IOWA CITY – Connor Burr dropped marbles by the pair into a paper cup suspended by a string and attached to two skinny poles, each anchored in a container of soil, sand and clay.
The contraption was a model of a type of river crossing cable system, and the cup gradually lowered as marbles were added until it caused the poles to collapse.
The project, testing different soil bases to support the weight of the system, was undertaken this year by the science club at Lemme Elementary School in Iowa City.
“I enjoy seeing new things,” said Conner, 12, a sixth-grader at the school.
The project, along with those done by more than 180 students from a dozen area schools, was on display Monday at the Corridor STEM Initiative’s end-of-year showcase on the University of Iowa campus.
STEM stands for science, technology, engineering and math. The Corridor STEM Initiative is a group of educators and business partners supporting more learning opportunities in those areas for young people.
There has been a push nationally and in Iowa to increase interest and proficiency in STEM subjects.
Republican Gov. Terry Branstad has appointed a STEM advisory council, and that group is hosting a daylong STEM summit in Des Moines on May 15.
The Corridor STEM Initiative, working with the Grant Wood Area Education Agency and school districts, has awarded state-funded grants ranging from $1,500 to $8,000 for extra STEM programs at 13 area schools.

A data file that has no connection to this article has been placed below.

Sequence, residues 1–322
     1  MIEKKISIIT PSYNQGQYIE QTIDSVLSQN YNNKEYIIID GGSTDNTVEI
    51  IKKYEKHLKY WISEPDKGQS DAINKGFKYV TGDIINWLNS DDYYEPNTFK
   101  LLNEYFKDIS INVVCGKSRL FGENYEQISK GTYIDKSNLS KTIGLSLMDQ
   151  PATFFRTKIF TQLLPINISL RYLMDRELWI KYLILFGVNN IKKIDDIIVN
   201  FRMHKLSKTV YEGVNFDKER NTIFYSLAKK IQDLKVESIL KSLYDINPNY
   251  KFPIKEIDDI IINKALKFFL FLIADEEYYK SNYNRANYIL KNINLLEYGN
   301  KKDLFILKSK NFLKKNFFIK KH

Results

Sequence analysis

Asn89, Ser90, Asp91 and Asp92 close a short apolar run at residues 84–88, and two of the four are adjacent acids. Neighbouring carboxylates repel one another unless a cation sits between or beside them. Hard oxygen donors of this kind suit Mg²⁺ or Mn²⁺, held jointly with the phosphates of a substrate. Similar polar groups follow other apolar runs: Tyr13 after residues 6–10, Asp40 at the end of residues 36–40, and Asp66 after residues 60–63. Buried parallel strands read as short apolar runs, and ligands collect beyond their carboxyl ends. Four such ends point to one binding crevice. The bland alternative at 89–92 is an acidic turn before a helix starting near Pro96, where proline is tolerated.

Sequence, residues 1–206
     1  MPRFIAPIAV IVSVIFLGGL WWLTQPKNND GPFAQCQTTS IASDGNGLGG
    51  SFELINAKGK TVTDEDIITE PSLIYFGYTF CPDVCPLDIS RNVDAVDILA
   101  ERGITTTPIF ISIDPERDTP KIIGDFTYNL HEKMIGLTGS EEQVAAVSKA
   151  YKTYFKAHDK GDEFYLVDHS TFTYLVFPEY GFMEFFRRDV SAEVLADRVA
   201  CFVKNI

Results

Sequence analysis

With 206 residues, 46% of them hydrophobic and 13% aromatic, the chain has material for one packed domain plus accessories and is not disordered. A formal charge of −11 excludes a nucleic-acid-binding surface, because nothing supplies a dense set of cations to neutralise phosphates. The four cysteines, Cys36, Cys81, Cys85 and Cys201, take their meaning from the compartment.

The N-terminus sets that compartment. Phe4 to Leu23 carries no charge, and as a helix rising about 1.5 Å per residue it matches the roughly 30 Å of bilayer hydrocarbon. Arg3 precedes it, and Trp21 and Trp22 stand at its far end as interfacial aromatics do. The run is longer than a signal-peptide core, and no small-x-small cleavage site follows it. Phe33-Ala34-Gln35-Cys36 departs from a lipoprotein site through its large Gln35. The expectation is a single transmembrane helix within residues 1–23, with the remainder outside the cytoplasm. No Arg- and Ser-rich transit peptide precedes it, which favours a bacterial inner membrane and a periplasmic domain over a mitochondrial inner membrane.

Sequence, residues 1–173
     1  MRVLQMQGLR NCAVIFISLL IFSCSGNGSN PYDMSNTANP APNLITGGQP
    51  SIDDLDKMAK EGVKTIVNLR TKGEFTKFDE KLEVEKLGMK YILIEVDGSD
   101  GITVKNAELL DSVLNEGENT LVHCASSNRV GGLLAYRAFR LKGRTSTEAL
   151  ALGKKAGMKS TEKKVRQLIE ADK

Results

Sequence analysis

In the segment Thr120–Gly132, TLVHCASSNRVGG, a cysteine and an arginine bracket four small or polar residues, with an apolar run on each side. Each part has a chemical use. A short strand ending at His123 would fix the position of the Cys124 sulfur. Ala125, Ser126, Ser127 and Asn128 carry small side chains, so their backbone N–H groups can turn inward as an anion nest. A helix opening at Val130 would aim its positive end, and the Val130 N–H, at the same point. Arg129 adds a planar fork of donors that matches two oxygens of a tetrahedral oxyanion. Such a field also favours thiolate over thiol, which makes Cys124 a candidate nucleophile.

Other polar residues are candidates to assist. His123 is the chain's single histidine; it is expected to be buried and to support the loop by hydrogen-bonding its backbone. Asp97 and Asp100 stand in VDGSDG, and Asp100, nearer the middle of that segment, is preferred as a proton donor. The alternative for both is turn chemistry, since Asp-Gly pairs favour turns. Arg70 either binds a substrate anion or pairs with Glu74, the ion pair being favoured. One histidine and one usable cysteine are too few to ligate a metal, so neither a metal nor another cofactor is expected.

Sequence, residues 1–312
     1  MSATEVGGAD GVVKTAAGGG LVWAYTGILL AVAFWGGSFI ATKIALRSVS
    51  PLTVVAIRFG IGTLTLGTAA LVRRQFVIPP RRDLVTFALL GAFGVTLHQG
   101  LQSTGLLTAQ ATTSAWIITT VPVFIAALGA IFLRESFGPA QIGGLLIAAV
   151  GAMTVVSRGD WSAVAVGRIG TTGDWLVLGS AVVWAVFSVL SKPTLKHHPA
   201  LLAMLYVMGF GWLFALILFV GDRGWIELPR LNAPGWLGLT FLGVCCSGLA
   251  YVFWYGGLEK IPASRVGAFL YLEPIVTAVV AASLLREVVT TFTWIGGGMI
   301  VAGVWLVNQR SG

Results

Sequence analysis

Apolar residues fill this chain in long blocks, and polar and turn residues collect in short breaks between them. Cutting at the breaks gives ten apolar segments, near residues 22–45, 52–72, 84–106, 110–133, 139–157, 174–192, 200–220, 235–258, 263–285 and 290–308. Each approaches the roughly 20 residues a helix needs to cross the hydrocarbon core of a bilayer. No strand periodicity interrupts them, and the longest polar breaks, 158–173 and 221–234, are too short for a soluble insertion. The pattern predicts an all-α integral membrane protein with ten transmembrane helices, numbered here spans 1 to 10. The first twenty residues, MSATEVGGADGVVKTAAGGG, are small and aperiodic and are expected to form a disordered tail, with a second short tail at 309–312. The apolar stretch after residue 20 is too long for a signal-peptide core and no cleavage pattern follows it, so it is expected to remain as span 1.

The classes, for grades three through eight, occur outside of the normal school day and are overseen by teachers or after-school program coordinators, said Yukiko Hill, Grant Wood AEA teacher in residence.
The initiative started several years ago following reports that Americans were falling woefully behind in STEM subjects, said Dick Whitehead, superintendent of the College Community school district.
Other projects on display Monday explored the pros and cons of solar versus nuclear power, forensic science and water filtration.
The girls science club at HLV Community School in Victor used Legos to study things like how the force needed to pull a weight up a ramp changed with the slope of the ramp.
Science is sometimes seen as a male-dominated field, but the girls of HLV said they could do just as well as boys.
“I thought it was fun learning to work together,” 10-year-old Josie Hall said.
Teamwork is one of the pluses of engineering, Jennifer Waskow, manager of printed circuit board design at Rockwell Collins, told the crowd. As a child she thought engineers were “kind of nerdy” and worked alone on computers, but that’s not the case, she said, as she encouraged the students to consider STEM fields.
“I challenge you to continue to wonder about the world around you,” she said.